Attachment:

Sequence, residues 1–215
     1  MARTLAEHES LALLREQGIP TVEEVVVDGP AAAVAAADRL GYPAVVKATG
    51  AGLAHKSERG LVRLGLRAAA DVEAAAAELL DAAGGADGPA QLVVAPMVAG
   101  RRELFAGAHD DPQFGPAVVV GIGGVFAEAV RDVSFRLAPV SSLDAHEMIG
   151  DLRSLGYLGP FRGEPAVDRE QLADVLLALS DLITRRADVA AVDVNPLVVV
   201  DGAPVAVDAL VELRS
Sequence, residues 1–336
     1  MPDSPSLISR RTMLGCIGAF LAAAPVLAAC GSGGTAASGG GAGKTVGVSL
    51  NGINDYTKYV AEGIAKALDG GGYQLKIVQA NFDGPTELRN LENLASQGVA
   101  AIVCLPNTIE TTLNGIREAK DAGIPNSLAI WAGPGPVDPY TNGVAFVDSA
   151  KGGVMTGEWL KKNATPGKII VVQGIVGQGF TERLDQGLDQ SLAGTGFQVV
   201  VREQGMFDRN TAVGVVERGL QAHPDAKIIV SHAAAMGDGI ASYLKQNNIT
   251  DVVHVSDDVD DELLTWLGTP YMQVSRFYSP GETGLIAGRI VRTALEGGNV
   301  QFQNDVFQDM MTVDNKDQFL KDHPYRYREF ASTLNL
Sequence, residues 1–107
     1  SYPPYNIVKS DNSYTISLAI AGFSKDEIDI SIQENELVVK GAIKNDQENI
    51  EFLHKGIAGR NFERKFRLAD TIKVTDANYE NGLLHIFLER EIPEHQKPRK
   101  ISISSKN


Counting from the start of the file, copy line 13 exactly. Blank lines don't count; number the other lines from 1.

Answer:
   251  DVVHVSDDVD DELLTWLGTP YMQVSRFYSP GETGLIAGRI VRTALEGGNV